One of the best parts of my close relationship with Connie Castro Jackson's family was the privilege of listening to their stories. October was Filipino Heritage month, but I’d like to call it Grandpa Cherry’s Heritage Month. Allow me to introduce you to Connie's Filipino father, Cherry Castro.
Ciriaco "Cherry" Castro was a beloved and happy man who sang and danced whenever the spirit moved him. His was moved by his culture to work hard to do whatever it took to support his family, and he did so joyfully. In his earlier life, he worked in the fields, doing back-breaking labor. For example, harvesting asparagus required running crouched with a knife and container up and down the fields, cutting and gathering.
He lived out his later years in the Filipino Center in Stockton, proud of his heritage and a cultural belief that children must be trained toward mutual respect and community. He loved his extended family's and friends' children and treated them as if they were his own, which is what earned him the name Grandpa Cherry.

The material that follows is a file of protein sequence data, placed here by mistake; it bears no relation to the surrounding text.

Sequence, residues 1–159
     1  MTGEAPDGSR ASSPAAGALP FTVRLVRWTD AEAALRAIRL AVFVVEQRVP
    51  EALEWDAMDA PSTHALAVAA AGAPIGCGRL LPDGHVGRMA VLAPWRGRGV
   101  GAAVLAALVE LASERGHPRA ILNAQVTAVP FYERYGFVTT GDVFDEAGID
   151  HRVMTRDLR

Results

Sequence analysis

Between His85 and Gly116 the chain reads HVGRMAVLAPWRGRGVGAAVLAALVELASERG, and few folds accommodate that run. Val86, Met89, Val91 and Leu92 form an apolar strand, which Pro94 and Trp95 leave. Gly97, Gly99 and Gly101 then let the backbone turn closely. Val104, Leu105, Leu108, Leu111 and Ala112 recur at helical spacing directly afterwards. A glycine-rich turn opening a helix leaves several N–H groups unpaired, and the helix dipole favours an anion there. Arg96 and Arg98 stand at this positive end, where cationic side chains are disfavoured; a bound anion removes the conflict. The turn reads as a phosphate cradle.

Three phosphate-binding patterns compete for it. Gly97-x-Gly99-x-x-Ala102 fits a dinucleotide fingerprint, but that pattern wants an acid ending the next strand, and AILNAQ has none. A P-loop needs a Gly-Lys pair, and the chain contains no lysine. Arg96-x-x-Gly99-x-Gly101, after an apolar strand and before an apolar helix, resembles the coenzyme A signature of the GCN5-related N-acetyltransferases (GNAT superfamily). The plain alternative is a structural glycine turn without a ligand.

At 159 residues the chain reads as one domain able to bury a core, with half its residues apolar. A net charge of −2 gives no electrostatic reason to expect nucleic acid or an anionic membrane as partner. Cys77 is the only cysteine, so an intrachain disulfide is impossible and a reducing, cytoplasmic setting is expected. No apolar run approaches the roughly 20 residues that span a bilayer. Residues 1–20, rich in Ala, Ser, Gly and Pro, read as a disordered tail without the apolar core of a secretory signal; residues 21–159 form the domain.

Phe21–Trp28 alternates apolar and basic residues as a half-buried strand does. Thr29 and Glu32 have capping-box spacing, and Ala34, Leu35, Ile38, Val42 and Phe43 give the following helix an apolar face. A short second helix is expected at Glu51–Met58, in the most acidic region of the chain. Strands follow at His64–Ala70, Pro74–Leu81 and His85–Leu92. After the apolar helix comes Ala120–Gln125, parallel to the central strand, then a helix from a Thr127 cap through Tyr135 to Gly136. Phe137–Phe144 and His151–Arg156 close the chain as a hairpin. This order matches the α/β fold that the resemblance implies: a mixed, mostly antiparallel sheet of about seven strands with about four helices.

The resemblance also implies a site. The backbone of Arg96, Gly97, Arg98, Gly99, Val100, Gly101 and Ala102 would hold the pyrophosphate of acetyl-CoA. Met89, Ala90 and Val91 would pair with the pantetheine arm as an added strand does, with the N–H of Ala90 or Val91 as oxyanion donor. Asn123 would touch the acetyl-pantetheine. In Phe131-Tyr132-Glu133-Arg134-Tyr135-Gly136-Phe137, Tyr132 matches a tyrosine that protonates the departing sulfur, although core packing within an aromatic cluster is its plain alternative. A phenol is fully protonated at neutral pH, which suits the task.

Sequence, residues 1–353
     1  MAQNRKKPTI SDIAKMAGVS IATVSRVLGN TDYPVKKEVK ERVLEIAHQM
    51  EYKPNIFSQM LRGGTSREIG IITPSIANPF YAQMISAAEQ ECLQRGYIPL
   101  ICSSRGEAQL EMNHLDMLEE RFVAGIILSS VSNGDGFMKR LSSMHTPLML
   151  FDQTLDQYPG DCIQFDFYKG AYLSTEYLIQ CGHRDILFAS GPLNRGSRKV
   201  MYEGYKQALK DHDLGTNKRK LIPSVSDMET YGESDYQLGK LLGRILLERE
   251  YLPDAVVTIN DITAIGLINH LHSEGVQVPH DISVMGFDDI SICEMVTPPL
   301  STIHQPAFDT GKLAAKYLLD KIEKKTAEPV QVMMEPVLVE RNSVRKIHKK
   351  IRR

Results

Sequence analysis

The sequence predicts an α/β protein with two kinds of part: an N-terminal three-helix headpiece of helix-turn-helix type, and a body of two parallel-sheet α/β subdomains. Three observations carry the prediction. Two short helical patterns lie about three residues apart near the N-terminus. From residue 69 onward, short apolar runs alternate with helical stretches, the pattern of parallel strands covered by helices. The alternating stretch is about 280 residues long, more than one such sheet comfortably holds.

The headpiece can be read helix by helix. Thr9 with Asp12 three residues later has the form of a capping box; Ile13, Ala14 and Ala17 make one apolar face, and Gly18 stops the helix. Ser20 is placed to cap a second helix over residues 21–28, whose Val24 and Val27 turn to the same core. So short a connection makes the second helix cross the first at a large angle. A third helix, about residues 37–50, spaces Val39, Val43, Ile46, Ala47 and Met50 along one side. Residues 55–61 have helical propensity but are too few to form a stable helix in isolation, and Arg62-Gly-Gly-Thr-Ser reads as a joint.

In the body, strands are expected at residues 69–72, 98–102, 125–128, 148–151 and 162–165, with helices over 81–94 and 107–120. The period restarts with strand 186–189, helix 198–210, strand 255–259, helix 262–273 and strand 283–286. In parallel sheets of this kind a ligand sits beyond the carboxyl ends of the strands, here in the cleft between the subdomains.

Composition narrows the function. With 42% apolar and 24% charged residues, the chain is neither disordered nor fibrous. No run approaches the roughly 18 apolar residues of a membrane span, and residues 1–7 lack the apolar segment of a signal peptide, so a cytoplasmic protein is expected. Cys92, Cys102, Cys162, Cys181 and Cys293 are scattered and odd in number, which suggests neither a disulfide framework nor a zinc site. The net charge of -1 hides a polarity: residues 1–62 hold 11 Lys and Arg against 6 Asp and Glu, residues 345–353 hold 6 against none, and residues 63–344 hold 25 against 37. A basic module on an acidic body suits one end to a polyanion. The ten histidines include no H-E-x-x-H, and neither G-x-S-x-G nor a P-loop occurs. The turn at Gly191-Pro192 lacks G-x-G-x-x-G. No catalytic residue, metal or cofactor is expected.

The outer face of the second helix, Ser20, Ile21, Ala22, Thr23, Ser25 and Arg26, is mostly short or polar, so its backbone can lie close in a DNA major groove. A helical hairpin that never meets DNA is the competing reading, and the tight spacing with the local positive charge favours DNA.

Cherry was a great cook. He made traditional Filipino foods such as adobo, pancit, lumpia rice, and the most delicious sticky rice dessert with coconut milk.
Filipinos, especially Grandpa Cherry, are notoriously slow drivers. He was ticketed several times for driving too slowly on the freeway. Connie, on the other hand, was ticketed more than once for speeding. Grampa Cherry always said, “Must be the white in her.”
Cherry lived his life primarily in the United States, returning to the Philippines to visit only once, with his wife Babing, who was also well-loved by the family. After he died, in the early 1990s, Babing moved back to the Philippines and cut ties. Connie's daughter tried to find her, but she has not been heard from again.
Connie talked about how she was Cherry's little favorite, his “Consing” who could do no wrong. She loved being with him and blossomed under his care. He let her know often he was proud of her and happy with her choice to marry Ray Jackson.
Please join with me in honoring Cherry Castro, a good natured, hardworking, well-loved man.